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Old June 4, 2014, 07:06 PM   #18
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You may also want to visit m4carbine.net. Many of the guys over there use ARs and/or M4s for a living. Lots of good info there. Check out the Custom Build and AR Technical Discussion forums. In fact, before doing that, check out the posted Sticky Threads in the AR General Discussion and AR Technical Discussion forums. Lots of info but well worth the time spent. Bill Alexander and Iraqgunz know their stuff (as do a lot of others, but those two are the best of the bunch).
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Old June 5, 2014, 05:35 AM   #19
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Thanks for that tip man! Maybe I'll even make some new friends.
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Old June 5, 2014, 04:55 PM   #20
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If I did want to take on building (part of) an upper what besides a hand-guard would be missing from this. It is $628 with a BCG and it lists this:

•M4 Feed Ramp Barrel Extension
• M4 Feed Ramp Flat Top Receiver
• T-Marked Upper Receivers
• USGI 1/7 Twist Rates
• USGI 5.56 NATO Chambers
• Mil-Spec 11595E - Certified Barrel Steel (CMV)
• Chrome Lined Bore and Chamber
• Manganese Phosphate Barrel Finish
• Mil-Spec F-Marked Forged Front Sights
• USGI Government Profile Barrels
• HPT (High Pressure Test) Barrels
• MPI (Magnetic Particle Inspected) Barrels

All I see missing is a charging handle, a rear sight and a hand-guard. Am I missing something? I feel like I am.

I like BCM, and I like that this has a rifle length gas system and 20" barrel.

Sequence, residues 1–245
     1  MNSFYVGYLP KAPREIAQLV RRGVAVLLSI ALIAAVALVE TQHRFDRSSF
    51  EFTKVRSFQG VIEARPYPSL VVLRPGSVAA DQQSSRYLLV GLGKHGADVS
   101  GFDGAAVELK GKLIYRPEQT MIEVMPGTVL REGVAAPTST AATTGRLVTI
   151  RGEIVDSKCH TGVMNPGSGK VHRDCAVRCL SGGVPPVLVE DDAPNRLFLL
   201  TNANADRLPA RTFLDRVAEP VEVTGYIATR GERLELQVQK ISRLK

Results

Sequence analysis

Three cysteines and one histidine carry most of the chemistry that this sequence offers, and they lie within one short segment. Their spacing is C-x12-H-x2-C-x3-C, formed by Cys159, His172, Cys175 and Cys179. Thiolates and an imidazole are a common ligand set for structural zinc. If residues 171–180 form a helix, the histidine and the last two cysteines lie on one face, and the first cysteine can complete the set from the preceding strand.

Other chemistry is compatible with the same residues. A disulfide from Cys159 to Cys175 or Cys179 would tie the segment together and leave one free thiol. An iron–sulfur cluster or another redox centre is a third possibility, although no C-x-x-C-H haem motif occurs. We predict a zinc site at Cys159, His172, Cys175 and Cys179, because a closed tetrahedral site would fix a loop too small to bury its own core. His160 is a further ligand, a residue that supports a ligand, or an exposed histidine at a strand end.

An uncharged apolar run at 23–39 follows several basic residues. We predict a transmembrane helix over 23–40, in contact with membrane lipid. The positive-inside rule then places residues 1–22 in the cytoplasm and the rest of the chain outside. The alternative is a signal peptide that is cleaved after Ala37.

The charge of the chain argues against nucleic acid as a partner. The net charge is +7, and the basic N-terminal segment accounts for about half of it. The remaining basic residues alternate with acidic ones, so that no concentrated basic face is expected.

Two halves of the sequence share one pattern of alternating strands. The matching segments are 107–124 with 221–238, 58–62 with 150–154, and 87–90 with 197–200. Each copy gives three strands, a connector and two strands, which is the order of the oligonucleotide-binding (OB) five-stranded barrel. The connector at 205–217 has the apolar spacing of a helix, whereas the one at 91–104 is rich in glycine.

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Last edited by 8MM Mauser; June 5, 2014 at 05:01 PM.
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Old June 5, 2014, 07:00 PM   #21
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You'll also need tools.

I don't have time at the moment for a comprehensive list, but basically you'll need:
  1. An action block (I prefer the full "clamshell" type).
  2. A torque wrench that goes at least to 80 foot-pounds.
  3. The "adapter" wrench that goes on the torque wrench (I can't remember what it's called).
  4. Good instructions (lots of choices) + the military tech manual, which I believe is tm9-1005-319-23 (Google that and it should pop up the tech manual).
  5. Punches appropriate for use on roll pins.
  6. Etc.

This might help too: http://www.midwayusa.com/general.mvc...ld-ar-15-rifle
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Old June 6, 2014, 07:29 AM   #22
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Thanks, I've got 2,3,5 and hopefully 6. 1 and 4 can be acquired without too much pain I think.
I could probably do with a better set of punches anyway really.

I've started and excel document with a list of parts, a list of tools and a list of "other" things I will need to approach this project. I also have several AR parts diagrams as well as links to guides, manuals, and a list of different manufacturers and the companies thy but there parts from.
This project is bigger than I thought it would be and there is a LOT to learn.
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Old June 6, 2014, 08:10 AM   #23
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Never mind
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Old June 6, 2014, 10:48 AM   #24
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8MM, How are you fixed for ammo? I started laying it in about the time I decided to do my first build.

Have heard about folks all excited when they are able to attach their upper so they can head to the range only to realize they don't have ammo
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Old June 6, 2014, 05:28 PM   #25
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That is a good point! After I purchased my first defensive pistol I realized I hadn't budgeted for ammo. I sold a table on craigslist to finance practice.

I should start soon buying up .223 when I see a deal.

Wise advice sir!